Monday, September 15, 2008

A Year in Review - CI Scores

There, I was today at the Audiology Department of the Hospital University of Pennsylvania, sitting cross legged in the same chair that I sat in 364 days ago when I had my cochlear implant activated. Time is a funny conundrum of sorts because some people claim it is relative, others absolute but the fact of the matter is that it just – flies. My temperament was flickering with nostalgic moments of how just a day shy of a year ago I was reintroduced to the noisy world of sound. I still remember how I wanted to commit mass genocide of anything with the consistency of paper. I remember trying to harbor laughter when anyone – man, woman and child spoke to me as if they were practicing to become an extra in an Alvin and the Chipmunk movie. I remember how a helicopter dangled fifty feet above my head and heard not a thing. I remember my emotions running amok – one day I was on a high, the next I was depressed and one-second I would be savoring a sweet melody and the next I would frown at gosh awful noise. I remember my eye twitching because I was too hasty with my volume and I praise the day it was resolved. I remember people telling me to be patient and that I will eventually reap what has been sewn in my head. I remember all of tedious and trivial details as if it were yesterday and yet I can’t remember what I had for breakfast this morning.

It has been a while since I had a mapping, seven months to be exact. I have developed quite a few gripes over the past couple of months. I have completely maxed out on my volume. I still have the utmost difficulty understanding men and some women. I can understand women with no problem but that can be a bad thing because I understand them too well sometimes. When a man says bosom, it sounds like booze. When a woman says thirteen sounds like fifteen and vice versa. I used to be able to hear the airplanes from in the house and now I can't which is disturbing because I live right near a military base and there are constantly flying overhead. I used to be able to hear better in noisy conditions but I think that is due to my CI needing a tune up badly. Edelweiss sounds like anal rice or anal vice depending on who is saying it and lip reading doesn't help me in the least little bit. I walked in and plopped down and unleashed my tiny list of tasks to be tinkered to my dear audiologist.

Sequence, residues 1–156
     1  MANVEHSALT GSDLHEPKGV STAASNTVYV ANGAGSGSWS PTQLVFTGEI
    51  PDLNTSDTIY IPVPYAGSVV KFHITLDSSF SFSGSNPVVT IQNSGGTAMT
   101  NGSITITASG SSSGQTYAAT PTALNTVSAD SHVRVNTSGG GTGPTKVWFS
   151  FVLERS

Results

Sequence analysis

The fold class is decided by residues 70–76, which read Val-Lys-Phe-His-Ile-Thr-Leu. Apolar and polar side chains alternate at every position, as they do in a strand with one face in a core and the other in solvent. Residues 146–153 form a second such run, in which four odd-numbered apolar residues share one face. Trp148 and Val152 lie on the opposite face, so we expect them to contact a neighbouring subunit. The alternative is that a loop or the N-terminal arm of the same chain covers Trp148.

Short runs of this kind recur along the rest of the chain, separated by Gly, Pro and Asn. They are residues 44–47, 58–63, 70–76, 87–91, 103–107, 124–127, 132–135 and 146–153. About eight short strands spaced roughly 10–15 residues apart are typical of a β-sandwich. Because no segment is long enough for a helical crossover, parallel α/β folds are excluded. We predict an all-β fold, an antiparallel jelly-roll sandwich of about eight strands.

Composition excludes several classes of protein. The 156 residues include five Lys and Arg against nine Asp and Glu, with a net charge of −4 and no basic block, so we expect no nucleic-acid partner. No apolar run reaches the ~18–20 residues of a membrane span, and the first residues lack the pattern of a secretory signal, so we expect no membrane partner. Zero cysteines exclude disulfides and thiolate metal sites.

Right off the bat, she raised my volume which was a dire improvement. With raising the volume, she raised distortion also. She flattened the lows and tweaked the high frequencies. I was able to hear the sizzle of the S’s and rushing air of the SH sound. It sounded nice and crisp. Amazing what just a little bit of tweaking can do. I am happy to report that Edelweiss now sounds like idle vice which is a drastic improvement over anal rice. Whew! It was time to go into the booth!